A SEQUENCE ON PROFANE LOVE
GEORGE HENRY BOKER
Within our lips is stored the bitterness
Of the dread tree that made the meadow's bleat
A cry of terror, and the beast's caress
A war of rage and sanguinary heat.
How groans and sweats the weary world to bless
Its pinched existence with the iron beat
Of clanking wheels, to make its task complete!
How individual joy grows less and less!
Yet not the more would I contented stand,
The pigmy creature of our paradise,
For all the questioned legends of the wise.
Give me the endless struggles, hand to hand,
The pathway conquered with the fiery brand,
Beneath the cross of promise in the skies!
September 12, 1866
Love stirs the pulses of my deeper thought,
Muses on things that were and things to be,
Weaves for himself the threads of destiny,
Till from their mesh a splendid web is wrought.
So from oppressive mysteries is brought
Assurance of his immortality--
Far-reaching faith, that watches patiently
For what, erewhile, love's yearnings only sought.
But having made this hopeful scheme to bless
The ways of earth and founded him a heaven,
And time and death, as shackles, from him riven,
He turns with passion for one more caress,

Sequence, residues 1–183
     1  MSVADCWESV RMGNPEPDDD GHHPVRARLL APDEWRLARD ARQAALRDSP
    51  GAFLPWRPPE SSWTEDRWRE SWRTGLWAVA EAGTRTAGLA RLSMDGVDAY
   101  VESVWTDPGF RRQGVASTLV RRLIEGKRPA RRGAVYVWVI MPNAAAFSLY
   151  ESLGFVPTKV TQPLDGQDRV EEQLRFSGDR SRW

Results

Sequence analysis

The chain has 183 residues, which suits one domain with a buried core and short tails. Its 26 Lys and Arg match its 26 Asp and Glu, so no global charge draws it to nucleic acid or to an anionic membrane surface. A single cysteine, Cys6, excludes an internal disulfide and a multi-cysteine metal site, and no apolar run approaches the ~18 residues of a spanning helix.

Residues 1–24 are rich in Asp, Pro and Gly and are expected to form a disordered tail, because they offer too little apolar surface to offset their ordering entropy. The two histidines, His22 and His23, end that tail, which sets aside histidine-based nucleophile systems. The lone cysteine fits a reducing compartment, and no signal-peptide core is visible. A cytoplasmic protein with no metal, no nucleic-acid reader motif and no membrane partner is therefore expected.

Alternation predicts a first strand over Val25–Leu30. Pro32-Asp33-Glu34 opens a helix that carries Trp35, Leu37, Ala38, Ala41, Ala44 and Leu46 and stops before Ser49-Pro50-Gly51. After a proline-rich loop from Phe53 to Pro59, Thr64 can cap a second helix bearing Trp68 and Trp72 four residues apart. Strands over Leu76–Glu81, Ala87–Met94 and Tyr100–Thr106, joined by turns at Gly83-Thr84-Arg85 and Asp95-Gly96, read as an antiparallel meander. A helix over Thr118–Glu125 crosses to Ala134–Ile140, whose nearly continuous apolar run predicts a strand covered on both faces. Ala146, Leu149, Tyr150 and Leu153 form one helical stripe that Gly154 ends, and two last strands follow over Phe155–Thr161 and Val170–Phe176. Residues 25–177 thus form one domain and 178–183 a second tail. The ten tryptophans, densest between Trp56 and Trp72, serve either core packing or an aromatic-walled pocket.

One other kiss, thus taken and thus given,
And finds in it his only happiness.
September 12, 1866
Night takes the scepter from the hand of day,
And sets her drowsy stars about the world;
The winds are hushed; the voyaging clouds have furled
Their fleecy sails within the empty grey.
Toil drops his tools; the gush of fiery spray
Dies in the forge's throat, no more are twirled
The buzzing spindles, and the flocks are curled
In soft, white sleep, along the vacant way.
Rest, perfect rest, within the smoky mart,
Upon the hillside, in the darkling wood--
Rest to all things except this anxious mood--
Love's endless craving and eternal smart,
Which sting to life my over-wearied heart,
That fain, O God, would slumber if it could!
If Grecian Helen pleaded with the tongue
The Chian lent her--sweetest tongue of earth!
If Agamemnon's child forgot her birth,
And at my knee in panting beauty clung;
If fiery Cleopatra sued and hung
Fast to my restless hand in prurient mirth;
If chaste Lucretia wrecked her ancient worth;
And Rosamond's hair about my face were flung;
If all the fairest creatures that have worn
The poets' wreaths, the crowns of chivalry,
Were singly or in concourse offered me;
I would reject, in haste and simple scorn
The night-born stars, whose rise foreran thy morn,
Yea, from their homage turn to worship thee.
September 14, 1866
For what to me were Helen's honeyed word,
Or guiltless Iphigenia's sacred charms;
Or Cleopatra's lustrous breast and arms,
By every gust of reckless passion stirred?
Or what to me the tempting face that spurred
The royal felon to contrive his harms;